The Importance of Eyewitness Testimony in the Criminal Justice System

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Eyewitness testimony is a term that refers to the situational account of an incident or a crime by a person as experienced firsthand. The person may be required to describe the incident and even identify the perpetrators before a jury (Thomas, & Bradshaw, 2006). For many years eyewitness testimony has been considered a convincing form of evidence in the criminal justice system mainly because it is popularly believed that we trust our experiences and perceptions. Juries tend to think of eyewitness testimony as a reliable source of information.

Children are involved in the legal system in several ways. They can be witnesses, victims and even offenders and they may be legally required to give accurate reports of what they know of the incident under investigation. However being convincing is a different thing from being accurate. The claim that eyewitnesses are accurate and reliable is testable. Scientific proof has justified that eyewitness evidence is subject to distortion. To be precise the belief that memory offers an accurate record of events the same way that a video would is not correct.

Memory functions to guide the actions of people and to give them a sense of identity but ideally, people are biased to notice and may tend to overlook some experiences and even exaggerate others (Bala, Ramakrishnan, Lindsay, & Lee, 2005). In other words, memory is malleable. In 2002 about a million people were wrongly convicted of felony in the USA. A research carried out by the Ohio criminal justice department stated that in every 200 felony cases there is one wrongful conviction. This scenario translated to more than 5000 convicts being incarcerated for crimes they did not commit (Wise, Dauphinais, & Safer, 2006). As honest as they may appear, eyewitnesses are among the primary causes of convictions.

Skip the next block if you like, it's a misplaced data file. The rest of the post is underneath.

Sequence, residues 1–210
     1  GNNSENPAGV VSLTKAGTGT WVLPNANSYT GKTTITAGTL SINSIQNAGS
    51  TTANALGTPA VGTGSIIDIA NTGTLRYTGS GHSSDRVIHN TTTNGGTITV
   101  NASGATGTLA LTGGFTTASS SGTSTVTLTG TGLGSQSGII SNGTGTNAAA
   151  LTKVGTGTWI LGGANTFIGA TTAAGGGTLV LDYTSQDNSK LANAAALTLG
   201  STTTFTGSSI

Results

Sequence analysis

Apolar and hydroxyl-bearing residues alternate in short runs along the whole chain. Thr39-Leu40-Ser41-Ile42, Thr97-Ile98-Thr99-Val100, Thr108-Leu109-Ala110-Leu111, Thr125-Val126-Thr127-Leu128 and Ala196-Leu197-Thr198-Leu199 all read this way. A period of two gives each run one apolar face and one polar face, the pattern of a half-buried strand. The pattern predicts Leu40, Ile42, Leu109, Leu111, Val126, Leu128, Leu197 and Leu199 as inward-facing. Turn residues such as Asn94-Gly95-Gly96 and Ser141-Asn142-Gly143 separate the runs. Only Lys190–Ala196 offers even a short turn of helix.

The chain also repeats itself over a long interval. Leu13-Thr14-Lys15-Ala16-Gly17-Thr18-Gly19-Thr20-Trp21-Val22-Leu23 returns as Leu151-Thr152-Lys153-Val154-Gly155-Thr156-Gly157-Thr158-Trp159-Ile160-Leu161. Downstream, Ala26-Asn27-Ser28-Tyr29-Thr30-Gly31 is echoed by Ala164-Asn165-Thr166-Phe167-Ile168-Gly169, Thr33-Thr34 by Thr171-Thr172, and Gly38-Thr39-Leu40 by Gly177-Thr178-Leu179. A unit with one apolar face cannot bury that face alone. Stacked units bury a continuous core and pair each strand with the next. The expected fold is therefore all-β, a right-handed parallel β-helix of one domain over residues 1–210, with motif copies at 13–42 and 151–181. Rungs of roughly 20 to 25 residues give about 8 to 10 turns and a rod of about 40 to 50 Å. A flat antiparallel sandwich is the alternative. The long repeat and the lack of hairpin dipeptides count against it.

To minimize eyewitness error, a tripartite solution can be relied upon. The first part of the solution proposes the permission of expert testimony when eyewitness testimony is the primary evidence against the defendant. The second part proposes that frameworks be put in place to ensure that the law enforcement procedure for collecting eyewitness evidence is improved and lastly there is the need to come up with ways of reducing stress on children who are giving witness (Merjian, 2009). This may include making improvements in the legal profession whereby a specialty in child law is developed so that the people undertaking this specialty can be trained in child development, developmental psychology and experience in interviewing children.


Children should be allowed to be part of the legal procedure if the situation demands so such as if they are the victims or primary witnesses. However, they should be examined in a separate location with the opposite council and the judge while the accused view the proceedings via a one-way screen or a video. This can help reduce distress in children thereby putting less pressure on their memory. Also, children should be prepared in advance by having some of the aspects of the procedure explained to them though this should be done with much care to ensure that their testimony or attitude is not interfered with. Eyewitness testimony is powerful proof for convicting accused persons; however, it is subject to memory distraction and bias even among the witnesses considered the most confident. Therefore memory can indeed be inaccurate or accurate, and the two are not distinguishable without objective evidence.


Bala, N., Ramakrishnan, K., Lindsay, R., & Lee, K. (2005). Judicial assessment of the credibility of child witnesses. Alberta Law Review, 42(4), 995.

Benton, T. R., Ross, D. F., Bradshaw, E., Thomas, W. N., & Bradshaw, G. S. (2006). Eyewitness memory is still not common sense: Comparing jurors, judges and law enforcement to eyewitness experts. Applied Cognitive Psychology: The Official Journal of the Society for Applied Research in Memory and Cognition, 20(1), 115-129.

Merjian, A. H. (2009). Anatomy of a Wrongful Conviction: State v. Dodge and What it Tells Us About Our Flawed Criminal Justice System. U. Pa. JL & Soc. Change, 13, 137.

Peterson, C. (2007). Reliability of child witnesses: A decade of research. The Canadian Journal of Police and Security Services, 5(3/4), 142-151.

Wise, R. A., Dauphinais, K. A., & Safer, M. A. (2006). Tripartite Solution to Eyewitness Error, A. J. Crim. L. & Criminology, 97, 807.

December 12, 2023

Crime Entertainment Law



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